Every year, around the first or second week of November, I expect a chest-thumping PR mail from Activision, going into detail about how this year’s Call of Duty game outsold the last one. Last year, that didn’t happen. Instead, we heard the sound of digital crickets, as Infinite Warfare failed to live up to its sales expectations. It’s a pity, because while that game’s multiplayer was an overwrought mess, it delivered the freshest and most interesting campaign the series has had in years.
After the relative sales doldrums, Activision reckoned that consumers were done with the future-facing direction of the series, and wanted to return to an era that was grounded in history. That’s why we have this year’s Call of Duty, set within World War 2. Activision may have been right.
According to the celebratory PR, this year’s Call of Duty has already sold twice as many copies as Infinite Warfare did, in the same period since release. That’s $500 000 000 worth of Call of Duty sold-in, which includes stock sold to retailers but not necessarily in consumers’ hands. It also includes digital sales. It’s safe to say that Call of Duty is firmly back on top.
“We challenged our players to get their squads back together and they answered the call, with the highest number of players we’ve ever seen on current gen consoles and PC,” said Eric Hirshberg, CEO of Activision. “Call of Duty: WWII returns the franchise to its roots and the results are incredible, selling twice as many units in its opening weekend as last year, and setting the day one record for full-game downloads on PlayStation 4. Our $500 million opening weekend was not only bigger than Thor: Ragnarok‘s, it was bigger than the opening weekends of both Thor and Wonder Woman combined. And we’re committed to supporting the community with continuous improvements and new content.”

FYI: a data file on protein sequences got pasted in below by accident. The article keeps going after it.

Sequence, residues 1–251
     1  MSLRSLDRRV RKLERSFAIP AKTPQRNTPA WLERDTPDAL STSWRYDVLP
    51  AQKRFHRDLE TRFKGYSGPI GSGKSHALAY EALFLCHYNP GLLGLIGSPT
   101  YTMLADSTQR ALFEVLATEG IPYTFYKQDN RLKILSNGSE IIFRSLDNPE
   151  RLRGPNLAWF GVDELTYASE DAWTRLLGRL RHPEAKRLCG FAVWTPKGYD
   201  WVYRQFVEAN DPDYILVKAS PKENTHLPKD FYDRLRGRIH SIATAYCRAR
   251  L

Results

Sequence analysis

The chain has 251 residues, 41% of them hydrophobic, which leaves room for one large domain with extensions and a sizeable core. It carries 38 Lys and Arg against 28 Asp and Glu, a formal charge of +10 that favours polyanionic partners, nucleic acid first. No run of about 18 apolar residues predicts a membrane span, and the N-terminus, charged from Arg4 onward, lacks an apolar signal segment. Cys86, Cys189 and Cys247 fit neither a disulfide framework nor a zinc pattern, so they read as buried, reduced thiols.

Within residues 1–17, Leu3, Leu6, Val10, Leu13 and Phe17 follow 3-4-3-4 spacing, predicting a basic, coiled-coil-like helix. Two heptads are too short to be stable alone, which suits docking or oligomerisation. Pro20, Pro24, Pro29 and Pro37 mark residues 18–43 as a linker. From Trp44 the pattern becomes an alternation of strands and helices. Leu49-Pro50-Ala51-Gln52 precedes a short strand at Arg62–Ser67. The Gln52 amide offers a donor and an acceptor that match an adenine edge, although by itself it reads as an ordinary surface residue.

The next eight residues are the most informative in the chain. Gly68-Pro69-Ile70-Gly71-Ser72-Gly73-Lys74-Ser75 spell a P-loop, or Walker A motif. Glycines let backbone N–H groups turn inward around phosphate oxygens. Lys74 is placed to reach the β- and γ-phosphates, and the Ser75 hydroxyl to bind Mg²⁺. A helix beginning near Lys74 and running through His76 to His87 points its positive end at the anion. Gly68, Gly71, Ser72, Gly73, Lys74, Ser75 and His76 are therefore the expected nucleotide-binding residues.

It’s very nearly matched sales of Black Ops III’s initial sales of $550m, but that’s the best-selling Call of Duty game of the generation to date. Interestingly, it seems that the game has been a relative hit on PC. Concurrent player numbers reached the sort of highs that the series hasn’t seen on that platform since Black Ops 2 – 400% higher than Infinite Warfare.
Whatever you may personally feel about the franchise, it has a certain draw that goes beyond blind loyalty. This year’s game is rather good – though I’m still inclined to stay far away from its multiplayer.
In case you missed it, here’s what our review said of the game:
“Call of Duty: WWII is a great entry into the long-running series. Sledgehammer has done a fantastic job in creating a Call of Duty that will appeal to contemporary fans and those fans who might have favourable memories of earlier games in the series. It often walks a fine line between thoughtful representation of World War II and typical Call of Duty flamboyance, but it’s a line that Sledgehammer walks with confidence. The result is a Call of Duty that feels assured of what it’s trying to accomplish, and what it accomplishes is riveting, entertaining and at times hard-hitting.”
Last Updated: November 9, 2017
November 9, 2017 at 08:05
CoD, CoD never changes